The colonel said the present Russian attack will likely be limited in scope as Moscow does not yet have the necessary resources to make an attempt at capturing the regional capital, the city of Kharkiv, Ukraine’s second largest.

He said Moscow’s aim for the moment was to solidify a “grey zone” no-man’s land that already effectively exists on much of the border between Russia and Ukraine’s Sumy and Kharkiv regions.

The colonel said: “One of the most important tasks is to prevent the Russians coming within artillery range to shell Kharkiv city. That’s about 30 kilometres. It’s already being hit daily by drones and glide bombs, and if the Russians were close enough to use their artillery, that would be a catastrophe and we can’t let that happen.”

Moscow has made it clear it either wants to take Kharkiv – after its first attempt in the early stages of its 2022 full-blown invasion failed disastrously – or to bludgeon it so that most of its remaining million population flee, leaving the city as an uninhabitable wasteland.

The current attack on the region has emptied many of the villages which have faced continuous shelling since last week. Thousands of refugees are streaming into Kharkiv and putting more strain on already stretched welfare, medical and accommodation services.

The colonel said Kyiv believes that Russia wants to create a buffer zone of 15 kilometres on the Ukrainian side of the border that strengthens their defences, but that Moscow would also insist on retaining a grey zone in any future talks about cessation of the conflict.

The Ukrainian military acknowledge that by opening a new front in Kharkiv, Russia wants to draw away Ukrainian forces from other areas under attack, particularly further south in the Luhansk and Donetsk regions, and to the west towards the Zaporizhzhia region.

Residents are moved out of Vovchansk to escape fierce fighting between Ukrainian and Russian troops (Reuters)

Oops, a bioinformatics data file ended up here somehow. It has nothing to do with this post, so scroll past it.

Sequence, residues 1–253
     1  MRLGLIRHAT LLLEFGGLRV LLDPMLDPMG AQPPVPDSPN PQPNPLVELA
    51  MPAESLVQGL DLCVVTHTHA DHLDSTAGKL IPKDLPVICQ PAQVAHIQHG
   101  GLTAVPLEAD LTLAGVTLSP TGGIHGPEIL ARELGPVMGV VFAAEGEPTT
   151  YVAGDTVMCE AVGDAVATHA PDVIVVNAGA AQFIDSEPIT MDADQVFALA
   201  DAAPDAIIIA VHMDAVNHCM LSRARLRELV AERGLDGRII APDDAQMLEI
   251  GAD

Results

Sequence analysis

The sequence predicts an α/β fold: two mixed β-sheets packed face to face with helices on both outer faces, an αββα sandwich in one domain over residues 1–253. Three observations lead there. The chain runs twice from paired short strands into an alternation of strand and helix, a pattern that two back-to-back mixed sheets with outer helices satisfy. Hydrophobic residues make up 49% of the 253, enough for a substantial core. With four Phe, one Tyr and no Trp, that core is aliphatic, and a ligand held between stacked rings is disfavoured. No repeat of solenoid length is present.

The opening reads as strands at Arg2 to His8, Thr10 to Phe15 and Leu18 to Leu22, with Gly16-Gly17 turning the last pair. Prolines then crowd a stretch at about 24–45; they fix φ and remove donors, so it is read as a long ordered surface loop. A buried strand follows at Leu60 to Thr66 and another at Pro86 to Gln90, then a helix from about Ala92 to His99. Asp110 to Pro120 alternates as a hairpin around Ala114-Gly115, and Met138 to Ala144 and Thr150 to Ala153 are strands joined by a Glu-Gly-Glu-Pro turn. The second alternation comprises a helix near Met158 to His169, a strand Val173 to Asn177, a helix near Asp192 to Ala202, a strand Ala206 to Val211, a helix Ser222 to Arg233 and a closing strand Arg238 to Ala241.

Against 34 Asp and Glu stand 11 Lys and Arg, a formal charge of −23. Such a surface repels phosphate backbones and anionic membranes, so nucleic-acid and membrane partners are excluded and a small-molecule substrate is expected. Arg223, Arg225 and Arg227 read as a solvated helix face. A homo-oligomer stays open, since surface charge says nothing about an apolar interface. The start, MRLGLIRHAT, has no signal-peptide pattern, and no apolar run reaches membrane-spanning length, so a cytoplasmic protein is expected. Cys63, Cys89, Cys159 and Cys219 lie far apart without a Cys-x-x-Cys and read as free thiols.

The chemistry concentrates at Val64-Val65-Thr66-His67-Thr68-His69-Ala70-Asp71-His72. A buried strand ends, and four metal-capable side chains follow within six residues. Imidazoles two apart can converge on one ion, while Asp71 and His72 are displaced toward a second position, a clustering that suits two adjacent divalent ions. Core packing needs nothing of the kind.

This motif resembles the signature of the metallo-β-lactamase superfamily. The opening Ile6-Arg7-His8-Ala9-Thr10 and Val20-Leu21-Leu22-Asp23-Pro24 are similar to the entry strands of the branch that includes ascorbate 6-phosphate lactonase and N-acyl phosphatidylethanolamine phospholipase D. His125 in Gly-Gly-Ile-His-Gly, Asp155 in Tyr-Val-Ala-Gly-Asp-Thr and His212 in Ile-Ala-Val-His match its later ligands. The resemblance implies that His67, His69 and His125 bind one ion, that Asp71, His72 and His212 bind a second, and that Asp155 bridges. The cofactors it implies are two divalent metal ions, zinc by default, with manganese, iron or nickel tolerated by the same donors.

Moscow already holds most of the Luhansk and Donetsk regions, collectively known as Donbas, and the Kremlin has repeatedly set deadlines for its forces to capture the entirety of both regions. Ukrainian intelligence has said for several months that Moscow’s plan for 2024 involves taking full control in the first half of this year.

Ukraine’s forces have been facing dwindling supplies of key weapons and ammunition due to months-long delays in fresh military aid from the US. While billions of dollars in support was signed off in recent weeks, it is arriving on the front line in a trickle so far – and Russia is trying to take advantage. Moscow’s troops have whittled away at Ukrainian defences and manpower, using waves of troops backed up by armoured vehicles and air assaults.

The relentless attacks have cost Moscow thousands of casualties and hundreds of destroyed armoured vehicles but eventually gave them their only significant victory this year – the capture of the key town of Avdiivka on the outskirts of Donetsk city.

Since then the Russians have tried similar tactics to try and capture the town of Chasiv Yar in Donetsk. It sits atop hills which give artillery positions there a reach over most of the remaining territory and largest cities – Kramatorsk, Slovyansk, Druzhkovka and Konstantinovka – still in Kyiv’s hands.

While initiating the attacks in Kharkiv region, the Russians have not let up pressure on Chasiv Yar and other areas in Donetsk. Kyiv and its Western allies assess that the Russians will take advantage of Ukraine's continuing dearth of ammunition to try to move forward in as many places as possible before supplies return to sufficient levels for Ukraine to stabilise the front.

It comes as Putin has replaced his defence minister – and long-term ally – Sergei Shoigu with Andrei Belousov, in a surprise move. While the colonel believes this will not have a significant effect in the short-term, there is concern over what it says about Russia’s aims.

“Belousov doesn’t have much real military experience but he is a businessman,” he said. “Belousov could manage Russia’s war industries more effectively and reorganise the economy, military and manufacturing for a long, protracted conflict.”